Anxiously, I looked down at the pages in my hand, at the many choices from which I could begin my expedition back into the living. Among them was a song I had written after Katherine, my first love, had left me and gone to live in Nepal. Skittishly, I skimmed over the words, girding myself for my return back into the rawness of my emotions.
So if you
catch me watching for those ocean breezes,
Oh stormy vision . . . of a lonely heart.
Always waiting for that setting sun
to cast a spell on the wind
and sail you home to me.
Though slightly painful, these words were real and resonated with feeling. Difficult or not, they felt alive and whole inside me. Turning the page, I found the letter Katherine had written after her departure for Nepal. It was safely tucked inside the music as if I had known so long ago that I would one day remember to find it here.
I have decided to move to Kathmandu,
With Master Ramya Shankara Ananda
My greatest desire is to become a student of
this teacher. I know this is difficult for you to . . .
Abruptly, I was jarred out of the writing. That name . . . Master Ramya Shankara Ananda was intently familiar. In fact it was strangely similar to the name on the card with the roses. Slowly, a wave of anxiety began to swell inside me as I whispered to myself, “Oh please, let it not be so.” At this point, I was somewhat afraid to compare the card and the letter. But in view of all that had been happening, I was even more afraid not to.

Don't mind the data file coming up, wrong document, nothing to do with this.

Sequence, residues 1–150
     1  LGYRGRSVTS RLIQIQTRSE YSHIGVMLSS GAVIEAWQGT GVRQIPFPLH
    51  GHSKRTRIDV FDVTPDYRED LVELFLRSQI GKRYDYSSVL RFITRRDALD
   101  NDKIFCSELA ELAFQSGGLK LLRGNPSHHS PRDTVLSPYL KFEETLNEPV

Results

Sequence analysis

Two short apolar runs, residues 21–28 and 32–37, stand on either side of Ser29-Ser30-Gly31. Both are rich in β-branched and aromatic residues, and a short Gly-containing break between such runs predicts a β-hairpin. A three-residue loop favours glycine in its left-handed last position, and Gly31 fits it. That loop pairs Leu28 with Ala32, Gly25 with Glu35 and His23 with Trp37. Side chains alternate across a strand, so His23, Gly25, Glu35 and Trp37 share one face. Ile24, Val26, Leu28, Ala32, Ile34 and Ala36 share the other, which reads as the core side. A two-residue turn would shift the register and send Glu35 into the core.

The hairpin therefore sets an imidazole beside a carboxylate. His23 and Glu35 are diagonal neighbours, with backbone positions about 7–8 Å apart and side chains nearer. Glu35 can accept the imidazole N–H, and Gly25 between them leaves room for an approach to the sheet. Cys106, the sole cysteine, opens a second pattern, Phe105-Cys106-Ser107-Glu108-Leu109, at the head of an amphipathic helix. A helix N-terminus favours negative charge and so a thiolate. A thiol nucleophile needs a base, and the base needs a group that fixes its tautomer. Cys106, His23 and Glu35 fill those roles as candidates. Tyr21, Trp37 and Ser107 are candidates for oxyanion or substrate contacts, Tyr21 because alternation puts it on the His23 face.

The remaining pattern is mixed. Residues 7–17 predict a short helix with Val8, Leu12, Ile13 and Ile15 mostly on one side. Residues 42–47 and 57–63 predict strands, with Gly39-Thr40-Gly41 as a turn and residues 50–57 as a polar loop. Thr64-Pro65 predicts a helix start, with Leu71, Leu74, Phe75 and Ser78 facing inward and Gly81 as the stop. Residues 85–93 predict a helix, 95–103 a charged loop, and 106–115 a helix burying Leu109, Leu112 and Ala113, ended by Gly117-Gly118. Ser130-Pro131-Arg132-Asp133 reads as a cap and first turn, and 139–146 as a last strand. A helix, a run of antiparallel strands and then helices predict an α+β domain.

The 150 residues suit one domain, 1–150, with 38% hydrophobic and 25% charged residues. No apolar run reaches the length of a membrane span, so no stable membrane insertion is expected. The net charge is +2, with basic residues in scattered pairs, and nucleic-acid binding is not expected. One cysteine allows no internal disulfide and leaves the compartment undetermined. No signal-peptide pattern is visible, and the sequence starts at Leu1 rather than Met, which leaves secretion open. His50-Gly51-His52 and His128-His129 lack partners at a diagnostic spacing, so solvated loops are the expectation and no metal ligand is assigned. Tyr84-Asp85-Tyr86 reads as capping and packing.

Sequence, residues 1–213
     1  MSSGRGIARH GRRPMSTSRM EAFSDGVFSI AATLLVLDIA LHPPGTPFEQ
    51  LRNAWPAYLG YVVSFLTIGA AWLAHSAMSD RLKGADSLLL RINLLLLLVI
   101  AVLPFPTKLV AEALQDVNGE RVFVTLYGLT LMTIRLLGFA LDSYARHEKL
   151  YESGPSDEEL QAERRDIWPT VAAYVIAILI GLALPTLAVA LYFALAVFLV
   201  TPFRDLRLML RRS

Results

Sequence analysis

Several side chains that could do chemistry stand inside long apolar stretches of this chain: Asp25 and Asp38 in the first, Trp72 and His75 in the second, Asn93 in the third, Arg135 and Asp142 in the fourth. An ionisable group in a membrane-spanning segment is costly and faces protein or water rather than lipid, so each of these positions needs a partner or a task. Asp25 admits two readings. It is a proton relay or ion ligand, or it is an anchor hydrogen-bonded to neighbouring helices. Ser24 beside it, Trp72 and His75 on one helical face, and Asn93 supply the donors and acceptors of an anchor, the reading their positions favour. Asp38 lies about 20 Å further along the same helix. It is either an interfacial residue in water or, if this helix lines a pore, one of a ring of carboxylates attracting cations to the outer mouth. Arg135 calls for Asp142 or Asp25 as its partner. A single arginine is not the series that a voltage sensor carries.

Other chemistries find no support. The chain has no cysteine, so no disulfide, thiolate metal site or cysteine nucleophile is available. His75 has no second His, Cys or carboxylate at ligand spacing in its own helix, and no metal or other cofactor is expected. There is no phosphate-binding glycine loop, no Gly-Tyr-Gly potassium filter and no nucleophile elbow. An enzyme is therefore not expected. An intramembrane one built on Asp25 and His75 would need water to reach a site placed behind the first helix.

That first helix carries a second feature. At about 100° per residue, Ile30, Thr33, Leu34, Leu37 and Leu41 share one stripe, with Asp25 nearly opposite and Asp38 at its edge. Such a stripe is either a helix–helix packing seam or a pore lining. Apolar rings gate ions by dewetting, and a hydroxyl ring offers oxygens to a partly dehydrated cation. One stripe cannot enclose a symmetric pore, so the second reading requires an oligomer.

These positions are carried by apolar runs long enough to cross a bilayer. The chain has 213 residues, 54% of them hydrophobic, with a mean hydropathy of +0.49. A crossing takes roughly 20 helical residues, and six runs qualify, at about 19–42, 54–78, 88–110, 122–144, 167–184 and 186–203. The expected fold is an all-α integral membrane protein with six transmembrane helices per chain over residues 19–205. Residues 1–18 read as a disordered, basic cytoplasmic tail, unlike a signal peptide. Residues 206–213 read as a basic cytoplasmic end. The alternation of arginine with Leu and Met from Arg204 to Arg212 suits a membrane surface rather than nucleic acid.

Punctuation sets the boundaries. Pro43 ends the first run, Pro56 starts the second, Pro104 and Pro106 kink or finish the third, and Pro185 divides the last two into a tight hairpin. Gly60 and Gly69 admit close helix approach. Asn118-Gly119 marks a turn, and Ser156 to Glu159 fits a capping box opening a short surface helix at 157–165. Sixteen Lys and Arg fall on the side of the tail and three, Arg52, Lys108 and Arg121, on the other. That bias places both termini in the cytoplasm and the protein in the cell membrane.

Trudging down the stairs, I waded through the rubble of my studio to the closet. Retrieving the card from my coat pocket, I held it next to the letter. For a second I was stunned. The name was the same. Shankara.
Every cell of my body collapsed into the sound of my response, a long and exasperated, “Oh-h . . . No-o . . . .” Feebly I drooped like a leaking inflatable toy until my rump came to rest on the white-papered floor. Perhaps a diluted and mundane life wasn’t such a bad concept after all.
I sat there among the disarray of pages with the letter in my hand, wishing now that I had put a bit more volition into my notion of an indoor bonfire. I felt like a two-hundred-pound babbling infant who had been plopped back into his playpen, back into all of the coincidental confusion that, in my fleeting moment of passion, I had temporarily forgotten.
I hadn’t minded so much all of the drama with my uncle or the strange adventure that warranted a visit to the (shall we say) committed professor. I was even quite intrigued by the coincidence of the professor’s words save the dance and the lyrics of my own song “Save Us a Dance.” But to have my long-lost comatose uncle receiving flowers from some mysterious young woman who referred to him by the same name as the deranged guru who whisked my fine Katherine off to Nepal over twenty years ago—never to be heard from again—was more than my poor brain could handle.